Racial Equity Reading Group
Next discussions on Wednesdays, March 3, April 14, May 19, June 30, September 30, November 17
7:00 pm PT, online
To join please email email@example.com.
All are welcome (not just health professionals).
You’re invited! SF Bay PSR has launched an informal reading and discussion group to learn more about issues of racial equity, particularly as they relate to the fields of public health and medicine. We read a different book or articles every 4-6 weeks, followed by a 60–90-minute discussion on Zoom. This online, drop-in group is open to anyone (not just physicians) seeking to deepen their personal understanding of issues related to systemic racism and strengthen their commitment toward creating a more just, equitable, and healthy world.
The conversations will be co-facilitated by SF Bay PSR Board Member Dr. Sarah Coates, and in April and May, by Dr. Marjaneh Moini.
Our March and April discussions will cover environmental injustice and environmental racism in a two-part series.
MARCH 3: PART 1:
- Lancet Planetary Health: Environmental racism: time to tackle social injustice
- American Journal of Public Health: Bridging Climate, Health, and Equity: A Growing Imperative
- Nature: How environmental racism fuels pandemics, by Harriet A. Washington
- Podcast: How to Save a Planet: Black Lives Matter and the Climate: Black Lives Matter is the largest movement in US history, and it’s had environmental justice as part of its policy platform from the start. In today’s show, Alex and Ayana talk about why the fight for racial justice is critical to saving the planet and what the broader climate movement can learn from the Black Lives Matter movement.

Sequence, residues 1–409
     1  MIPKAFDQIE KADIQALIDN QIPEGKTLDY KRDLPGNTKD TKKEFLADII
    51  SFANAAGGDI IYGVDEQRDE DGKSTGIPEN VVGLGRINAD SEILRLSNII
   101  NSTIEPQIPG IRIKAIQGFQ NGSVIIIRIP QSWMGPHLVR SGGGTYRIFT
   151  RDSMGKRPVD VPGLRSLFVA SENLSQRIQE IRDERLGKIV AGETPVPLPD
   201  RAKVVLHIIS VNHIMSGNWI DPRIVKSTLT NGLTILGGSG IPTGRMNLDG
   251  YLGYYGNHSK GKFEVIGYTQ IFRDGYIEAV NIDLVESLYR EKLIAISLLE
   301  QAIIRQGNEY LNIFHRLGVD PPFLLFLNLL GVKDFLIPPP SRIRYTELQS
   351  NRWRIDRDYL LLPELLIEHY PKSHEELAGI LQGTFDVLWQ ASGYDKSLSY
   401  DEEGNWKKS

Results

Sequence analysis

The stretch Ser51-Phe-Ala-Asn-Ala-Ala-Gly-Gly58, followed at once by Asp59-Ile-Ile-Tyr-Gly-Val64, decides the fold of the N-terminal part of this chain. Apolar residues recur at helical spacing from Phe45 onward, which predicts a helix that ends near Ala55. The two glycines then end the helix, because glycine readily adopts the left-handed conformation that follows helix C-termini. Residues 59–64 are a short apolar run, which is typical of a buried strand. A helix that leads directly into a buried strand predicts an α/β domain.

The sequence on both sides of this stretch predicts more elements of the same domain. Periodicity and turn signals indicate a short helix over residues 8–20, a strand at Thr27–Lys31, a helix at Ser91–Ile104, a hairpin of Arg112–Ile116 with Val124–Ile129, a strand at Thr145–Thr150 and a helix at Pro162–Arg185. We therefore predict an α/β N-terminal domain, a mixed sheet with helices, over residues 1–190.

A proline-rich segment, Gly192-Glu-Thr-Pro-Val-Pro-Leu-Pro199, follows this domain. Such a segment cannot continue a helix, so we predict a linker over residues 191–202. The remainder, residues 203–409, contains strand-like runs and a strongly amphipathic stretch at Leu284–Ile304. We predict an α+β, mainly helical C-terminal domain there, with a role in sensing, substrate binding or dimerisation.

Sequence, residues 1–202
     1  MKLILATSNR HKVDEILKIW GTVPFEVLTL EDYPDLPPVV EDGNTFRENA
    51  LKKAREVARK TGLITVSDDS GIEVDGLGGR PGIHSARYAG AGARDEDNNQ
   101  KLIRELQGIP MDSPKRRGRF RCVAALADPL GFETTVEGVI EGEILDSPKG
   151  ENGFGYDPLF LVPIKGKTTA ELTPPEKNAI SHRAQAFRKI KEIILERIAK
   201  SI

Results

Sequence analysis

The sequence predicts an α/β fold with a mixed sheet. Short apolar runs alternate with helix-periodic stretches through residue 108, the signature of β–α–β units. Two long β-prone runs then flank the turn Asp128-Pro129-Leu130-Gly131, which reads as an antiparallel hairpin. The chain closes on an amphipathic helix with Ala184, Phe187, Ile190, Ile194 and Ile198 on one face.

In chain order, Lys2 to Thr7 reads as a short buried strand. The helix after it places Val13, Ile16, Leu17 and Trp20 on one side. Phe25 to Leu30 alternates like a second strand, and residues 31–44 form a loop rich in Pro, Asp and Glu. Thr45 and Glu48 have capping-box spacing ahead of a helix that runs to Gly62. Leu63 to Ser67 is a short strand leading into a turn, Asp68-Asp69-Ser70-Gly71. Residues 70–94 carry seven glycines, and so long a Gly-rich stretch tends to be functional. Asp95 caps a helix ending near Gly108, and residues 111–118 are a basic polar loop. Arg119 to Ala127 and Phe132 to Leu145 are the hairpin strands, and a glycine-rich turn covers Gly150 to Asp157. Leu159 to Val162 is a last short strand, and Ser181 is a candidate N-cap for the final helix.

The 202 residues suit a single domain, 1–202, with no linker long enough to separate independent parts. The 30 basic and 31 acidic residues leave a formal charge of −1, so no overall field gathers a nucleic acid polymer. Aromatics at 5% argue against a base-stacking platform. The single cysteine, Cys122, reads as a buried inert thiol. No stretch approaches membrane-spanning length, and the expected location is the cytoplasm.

APRIL 14: PART 2:
Book: Toxic Communities: Environmental Racism, Industrial Pollution, and Residential Mobility, by Dorceta E. Taylor, New York University Press
Please consider purchasing books directly from the publisher or from your LOCAL BOOKSTORE to help protect creative diversity, or via Bookshop.org which gives a percentage of every sale back to independent bookstores.
Past discussions covered the following:
January 2021: Articles on trustworthiness before trust and Black communitys’ vaccine hesitancy
- Annals of Internal Medicine: Attitudes Toward a Potential SARS-CoV-2 Vaccine: A Survey of US Adults
- New Yorker: African-American Resistance to the COVID-19 Vaccine Reflects a Broader Problem
- CDC: The Advisory Committee on Immunization Practices’ Ethical Principles for Allocating Initial Supplies of COVID-19 Vaccine — United States, 2020
- NEJM: Trustworthiness before Trust – Covid-19 Vaccine Trials and the Black Community
- Racial bias in pain assessment and treatment recommendations, and false beliefs about biological differences between blacks and whites, Hoffman et al. PMID 27044069
- The Myth of Innate Racial Differences Between White and Black People’s Bodies: Lessons From the 1793 Yellow Fever Epidemic in Philadelphia, Pennsylvania. Hogarth. PMID 31415198
- Hidden in Plain Sight — Reconsidering the Use of Race Correction in Clinical Algorithms, Vyas et al. PMID 32853499